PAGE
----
This is not the same as THC itself causing the mental illness, as these individuals would probably become mentally ill without any cannabis use, but the cannabis use could speed or possibly exacerbate its onset. But while THC shouldn’t currently be blamed for causing mental illness, its short-term psychosis-inducing effects are extremely important to study.

What’s the evidence for THC causing psychosis?

Let’s just quickly go over the evidence. Most studies that link cannabis use to long-term, permanent psychiatric illnesses fail in multiple ways, most importantly that the studies are often designed to look at a single point in time, and do not well account for confounding factors that could be the true causes of the mental illness in question. On the other hand, we have plenty of direct evidence in the form of studies where THC has been administered, and has caused an immediate, short-term psychosis-like reaction.

From 1972, an Iranian report on narcotics highlights a case of a policeman with no previous history of psychosis who “went into a very violent excitement with paranoic delusions, struggling to get hold of his rifle to shoot his imaginary persecutors” after “a bout of bhang drinking”.

Then in 2005, we have two case studies of “cannabis acute psychosis”; here, the two individuals, both “regular but occasional” users, experienced “depersonalization, paranoid feelings and derealisation” after oral administration of THC. Both individuals felt “well” the next day, with no recurrence.

Another 2005 study states “even the critics have accepted that psychotic symptoms can be induced by cannabis, and that such symptoms generally wear off quickly and with complete remission”. However, this study did find a very strong association between cannabis psychosis and later development of paranoid schizophrenia, backing up the concept that cannabis psychosis can act as a trigger for underlying conditions.

In 2009, an excellent review on the existing literature on cannabis and acute psychosis was published, which states “generally these psychotic symptoms are transitory (minutes to hours) but there have been a few reports of symptoms persisting for weeks…severe or persistent psychotic reactions are rare, and are more likely to occur in individuals with a preexisting psychiatric condition”.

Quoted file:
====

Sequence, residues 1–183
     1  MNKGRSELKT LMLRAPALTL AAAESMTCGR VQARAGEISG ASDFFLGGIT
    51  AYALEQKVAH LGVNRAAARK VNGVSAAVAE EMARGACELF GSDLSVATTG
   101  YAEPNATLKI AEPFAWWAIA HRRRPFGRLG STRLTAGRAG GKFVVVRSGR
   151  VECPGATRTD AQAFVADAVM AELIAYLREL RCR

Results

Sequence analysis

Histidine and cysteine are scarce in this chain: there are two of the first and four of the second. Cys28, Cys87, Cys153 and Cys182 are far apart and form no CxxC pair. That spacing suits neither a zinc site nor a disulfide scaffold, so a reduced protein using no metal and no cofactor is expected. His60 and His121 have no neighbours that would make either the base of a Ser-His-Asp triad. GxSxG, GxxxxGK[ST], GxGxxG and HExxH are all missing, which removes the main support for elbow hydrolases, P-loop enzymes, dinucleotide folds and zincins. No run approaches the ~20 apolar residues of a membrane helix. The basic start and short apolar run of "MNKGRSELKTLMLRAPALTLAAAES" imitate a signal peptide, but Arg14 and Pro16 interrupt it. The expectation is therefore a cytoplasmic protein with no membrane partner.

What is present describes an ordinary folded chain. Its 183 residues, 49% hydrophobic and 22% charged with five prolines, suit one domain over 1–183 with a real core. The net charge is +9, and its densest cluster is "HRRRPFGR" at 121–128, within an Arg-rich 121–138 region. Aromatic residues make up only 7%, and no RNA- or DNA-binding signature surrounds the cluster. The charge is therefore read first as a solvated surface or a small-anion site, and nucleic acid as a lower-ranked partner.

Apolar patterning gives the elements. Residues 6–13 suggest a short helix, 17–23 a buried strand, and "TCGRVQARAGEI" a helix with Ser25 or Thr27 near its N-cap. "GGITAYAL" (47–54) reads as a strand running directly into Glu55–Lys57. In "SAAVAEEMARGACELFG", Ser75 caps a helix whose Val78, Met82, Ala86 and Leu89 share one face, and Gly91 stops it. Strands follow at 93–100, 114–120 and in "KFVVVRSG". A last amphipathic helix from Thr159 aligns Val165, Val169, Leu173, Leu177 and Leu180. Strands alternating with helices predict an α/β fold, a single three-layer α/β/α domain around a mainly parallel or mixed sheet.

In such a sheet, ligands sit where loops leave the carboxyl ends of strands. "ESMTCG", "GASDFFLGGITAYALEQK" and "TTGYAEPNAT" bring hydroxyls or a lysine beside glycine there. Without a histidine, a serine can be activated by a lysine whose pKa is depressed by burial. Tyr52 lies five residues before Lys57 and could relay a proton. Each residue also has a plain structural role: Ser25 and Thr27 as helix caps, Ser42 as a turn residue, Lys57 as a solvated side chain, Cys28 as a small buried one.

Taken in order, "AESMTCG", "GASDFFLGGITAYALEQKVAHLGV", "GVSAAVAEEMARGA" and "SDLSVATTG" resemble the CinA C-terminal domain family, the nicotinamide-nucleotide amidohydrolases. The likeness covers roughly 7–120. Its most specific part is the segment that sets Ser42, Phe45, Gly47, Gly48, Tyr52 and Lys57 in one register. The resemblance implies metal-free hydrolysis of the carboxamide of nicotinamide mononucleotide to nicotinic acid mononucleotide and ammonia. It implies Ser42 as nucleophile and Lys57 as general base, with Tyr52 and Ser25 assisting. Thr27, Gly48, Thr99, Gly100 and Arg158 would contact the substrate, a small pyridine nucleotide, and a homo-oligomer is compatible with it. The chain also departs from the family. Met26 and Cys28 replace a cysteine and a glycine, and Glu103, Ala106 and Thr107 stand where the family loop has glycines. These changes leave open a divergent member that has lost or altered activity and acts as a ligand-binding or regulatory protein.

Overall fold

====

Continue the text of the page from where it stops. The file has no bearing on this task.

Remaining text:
Should you be worried about your own usage?

Why do some first-time cannabis users report feeling “stuck” in a high?

Again, it is crucial to bear in mind that these persistent negative effects are unusual, and that most people have a pleasant time using cannabis at first. Furthermore, even if you find yourself experiencing feelings like those described herein, it’s important to try to remain calm and to rationalize your experience.

Feelings of anxiety, paranoia and depersonalization in first-time cannabis users are usually temporary, and are the result of using a powerful psychoactive substance. Many people who experience these feelings immediately begin to question their own sanity, but if you bear in mind that it is a natural reaction to a powerful substance, you can be reassured that you are not insane and you will feel more confident that normality will return imminently. Whether or not this attitude will speed the return of normality is unclear, but it can certainly make a huge difference to one’s state of panic and fear while the unusual feelings are persisting.

If your altered state continues to persist beyond a few days, it may be advantageous to seek psychiatric help, as it may point to the existence of an underlying condition. Again, if this is the case, it does not necessarily imply that cannabis has caused any such illness; it is also possible that the temporary altered mind-state simply “paves the way” for its onset.

It may be possible to reduce the risk of psychotic symptoms appearing by choosing varieties of cannabis that are high in CBD, which is well-known to counteract the psychoactive effects of THC. This is perhaps the most important consideration, but it is also worth keeping in mind the importance of a relaxed environment, a full stomach, a hydrated body and a clear head, when first using cannabis.

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Ruaridh McGeorge

Administering THC is not an acurate method of research, cannabis contains CBD and CBN in different quantities to deliver different effects.